If anyone has any doubts about 9/11 being an inside job…

January 19, 2011 § 13 Comments

this should put an end to it.    Thermite Compound Found in World Trade Center Dust.  Thermite is an extremely hot explosive, and it is used to demolish buildings.  It melts steel like butter.  There is no other explanation for how thermite is in the WTC debris except to indicate that this is how/why the buildings came down.  For a very interesting perspective on this topic, I recommend Jesse Ventura’s show, Conspiracy Theory, where he takes a look at this from a whole new angle.


§ 13 Responses to If anyone has any doubts about 9/11 being an inside job…

    • neurojunky says:

      This does not debunk the conclusion reached by the study. If you read it carefully, it is about an editorial dispute, not a rejection of the conclusions of the study… This isn’t btw, the only study in which nanothermite was found in the WTC debris…

  • theantiv says:

    Jones makes much of finding “uncommon chemical elements in abundance”, however we can’t help but wonder why this is any surprise. The destruction of more than 250 floors of office building, and subsequent fires burning for months might surely be expected to produce many different chemicals. And sure enough, that’s exactly what it did.

    A USGS survey, for instance, listed the following major elements that it discovered in samples of WTC dust: Silicon, Calcium, Magnesium, Sulfur, Iron, Aluminum, Carbon (organic and carbonate), Sodium, Potassium, Titanium, Manganese, and Phosphorus. Four of these are flagged by Professor Jones as possible indicators for thermate (Sulfur, Potassium, Titanium, Manganese), yet the authors of this study don’t seem to require any special explanations for them at all.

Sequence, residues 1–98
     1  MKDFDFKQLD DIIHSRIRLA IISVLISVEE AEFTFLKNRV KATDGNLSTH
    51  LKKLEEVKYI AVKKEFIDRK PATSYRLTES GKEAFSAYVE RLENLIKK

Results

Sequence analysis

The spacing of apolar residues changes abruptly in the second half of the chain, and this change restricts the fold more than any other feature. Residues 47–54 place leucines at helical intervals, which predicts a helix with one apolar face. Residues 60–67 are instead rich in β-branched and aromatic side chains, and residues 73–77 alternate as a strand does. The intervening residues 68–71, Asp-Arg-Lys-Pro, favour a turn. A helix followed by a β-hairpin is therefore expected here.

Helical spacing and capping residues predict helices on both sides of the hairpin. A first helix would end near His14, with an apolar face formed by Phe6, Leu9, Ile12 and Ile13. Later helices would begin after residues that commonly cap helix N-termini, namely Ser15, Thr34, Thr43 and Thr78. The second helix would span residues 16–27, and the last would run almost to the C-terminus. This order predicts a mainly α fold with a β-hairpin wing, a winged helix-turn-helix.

• neurojunky says:

      It doesn’t seem that you’ve even bothered to read this study. You imply that the presence of many different kinds of elements are present is the only evidence presented to indicate thermite, which is not the case. You know what, go bury your head in the sand. The government is your friend, would never do anything to deceive you, and is telling you the truth, just like they did at the Gulf of Tonkin, the assasination of JFK, and of course govt doesnt condone or ever engage in torture, respects human rights, and is only concerned about truth, justice, and the American way.

      • theantiv says:

        Ah yes. The old troother assumption that all their opposition are nothing but a bunch of naive kids think the government is working in their best interests. With all do respect, that assumption is getting in credibly old. If you even knew the slightest thing about me you’d realize that I don’t even like the government. However you don’t have to subscribe to pseudo-science and wacky conspiracy theories to not like the government. That’s the main difference between us.

        I have read the story. In fact there are numerous holes in it. The levels of many of the elements (that Jones claims are traces of thermite) are consistent with their presence in building materials, including chromium, magnesium, manganese, aluminum, and barium. The very high levels of titanium (> 0.1%) were due to their presence in paint, especially white paint. The lead levels are elevated due to the use of lead-based paint on metallic surfaces during construction of the building. The detected lead dust concentrations were lower than would be found outdoors in older cities affected by tailpipe emissions from leaded gasoline…